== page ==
For a week I’ve made excuses. ‘It’s too cold – this is not an excuse,’ I told myself, ‘it’s a fact.’ And it was cold. Minus 4 and even -5 degrees Celsius IS cold! But today my brain and body are telling me they want to get outside. ‘It’s only -2 degrees this morning,’ I mutter, ‘a walk will do you good.’
The upside of a freezing night is the brilliant day that usually follows. So, while my brain and body are chatting about the need for a walk, my eyes are drawn to the sun’s rays bouncing off the window in the entrance, and my ears are tuned in to the exuberant twittering of a family of wrens flitting through the ferns outside the kitchen. Then I am wrapping the gray scarf around my neck, shoving both arms into the thigh length polo fleece jacket and pulling on the cute beanie and mittens I bought when we were in Ireland.
Frost-touched gravel crunches underfoot, three of the alpacas look across at me, momentarily interrupting their chewing. The other two ignore me. A neighbor flies out of his drive, going too fast as he usually does. He waves and smiles and I wave and smile in return as I pick up the pace.
I am choosing to be mindful today, to enjoy every minute of this walk. I’m getting good at bringing my attention back to what I’m doing in the present moment. So I notice that even the leafless trees sparkle in the sunshine, I see the patches of frost shining on the dark road in time to avoid them. I breathe deeply of the fresh morning air and I feel it doing me good!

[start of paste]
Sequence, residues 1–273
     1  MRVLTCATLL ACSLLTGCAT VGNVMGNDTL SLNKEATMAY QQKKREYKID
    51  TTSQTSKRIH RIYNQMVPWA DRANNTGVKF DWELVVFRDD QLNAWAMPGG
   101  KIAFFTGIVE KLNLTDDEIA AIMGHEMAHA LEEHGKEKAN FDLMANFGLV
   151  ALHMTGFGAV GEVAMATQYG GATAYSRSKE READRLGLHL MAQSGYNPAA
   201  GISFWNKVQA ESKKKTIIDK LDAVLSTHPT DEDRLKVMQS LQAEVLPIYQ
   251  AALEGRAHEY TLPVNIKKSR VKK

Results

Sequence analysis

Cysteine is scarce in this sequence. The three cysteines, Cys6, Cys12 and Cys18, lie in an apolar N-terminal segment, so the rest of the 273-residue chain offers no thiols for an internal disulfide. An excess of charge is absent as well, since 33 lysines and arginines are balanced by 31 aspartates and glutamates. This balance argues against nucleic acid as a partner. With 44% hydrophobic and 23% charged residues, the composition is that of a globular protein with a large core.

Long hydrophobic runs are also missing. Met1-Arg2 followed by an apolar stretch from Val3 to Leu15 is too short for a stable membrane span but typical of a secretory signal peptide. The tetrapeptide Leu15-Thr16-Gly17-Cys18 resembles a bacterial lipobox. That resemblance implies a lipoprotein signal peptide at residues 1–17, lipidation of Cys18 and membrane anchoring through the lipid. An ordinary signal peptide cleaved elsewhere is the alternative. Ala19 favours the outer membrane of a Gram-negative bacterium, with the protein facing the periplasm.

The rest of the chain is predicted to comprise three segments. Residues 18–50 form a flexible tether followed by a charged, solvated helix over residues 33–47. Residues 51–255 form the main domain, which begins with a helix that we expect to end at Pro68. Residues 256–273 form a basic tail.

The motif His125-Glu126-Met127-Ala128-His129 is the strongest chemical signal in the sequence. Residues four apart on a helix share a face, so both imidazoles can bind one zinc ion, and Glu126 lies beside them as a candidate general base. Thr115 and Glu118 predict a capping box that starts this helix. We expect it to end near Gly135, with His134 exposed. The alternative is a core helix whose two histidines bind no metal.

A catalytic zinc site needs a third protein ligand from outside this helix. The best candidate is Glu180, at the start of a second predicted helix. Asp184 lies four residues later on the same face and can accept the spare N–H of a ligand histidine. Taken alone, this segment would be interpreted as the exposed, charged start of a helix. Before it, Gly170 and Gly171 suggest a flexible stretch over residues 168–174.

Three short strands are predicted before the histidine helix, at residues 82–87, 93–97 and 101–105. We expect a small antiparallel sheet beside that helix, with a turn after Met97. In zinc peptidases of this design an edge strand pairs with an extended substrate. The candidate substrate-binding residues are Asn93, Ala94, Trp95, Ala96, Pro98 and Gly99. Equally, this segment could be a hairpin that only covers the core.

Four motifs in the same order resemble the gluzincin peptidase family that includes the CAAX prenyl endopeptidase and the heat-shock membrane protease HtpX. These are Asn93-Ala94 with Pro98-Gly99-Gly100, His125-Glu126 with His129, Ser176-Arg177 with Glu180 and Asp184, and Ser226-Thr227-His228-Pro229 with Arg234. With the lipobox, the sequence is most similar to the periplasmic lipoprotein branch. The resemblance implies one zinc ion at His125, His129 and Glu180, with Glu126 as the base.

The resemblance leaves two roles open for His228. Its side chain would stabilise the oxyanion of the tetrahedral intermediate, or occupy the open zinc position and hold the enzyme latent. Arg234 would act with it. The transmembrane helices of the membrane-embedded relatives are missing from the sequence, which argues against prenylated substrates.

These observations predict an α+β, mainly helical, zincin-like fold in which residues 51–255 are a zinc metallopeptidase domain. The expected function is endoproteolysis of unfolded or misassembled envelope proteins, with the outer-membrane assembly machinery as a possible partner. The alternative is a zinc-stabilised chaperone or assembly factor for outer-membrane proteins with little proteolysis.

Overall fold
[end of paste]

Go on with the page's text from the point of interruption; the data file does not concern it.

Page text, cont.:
I am reminded that we are all connected, and it's good.
I hear the school bus before I see it. The driver and I wave and smile as it whizzes past. We’re old friends although we’ve never met – greeting each other like this for a couple of years must mean something! Neighbours wave as they flash by on their way to work or to drop the children off at school. I am reminded that we are all connected and it’s good. The horse on the corner hangs his head over the fence snuffling as I walk by. So I greet him and say ‘hello’ to my favourite tree on the other side of the road. I am convinced it flourishes because I talk to it whenever I pass by! A couple of golfers are teeing off and they wave before settling into serious golfing business.
Being outside, in nature makes us feel happy.
Research tells us how good it is to get outside, to be in nature; how it stimulates production of neurotransmitters that even out our mood and make us feel happy. I don’t need the research though; I know it, experience it right now. I feel calm, peaceful and focused.
I sit by a warm fire with my cup of Monk Pear tea, savouring the aroma, the flavor, the feel of the mug in my hands, and I am grateful that today I didn't make an excuse; I went for a walk.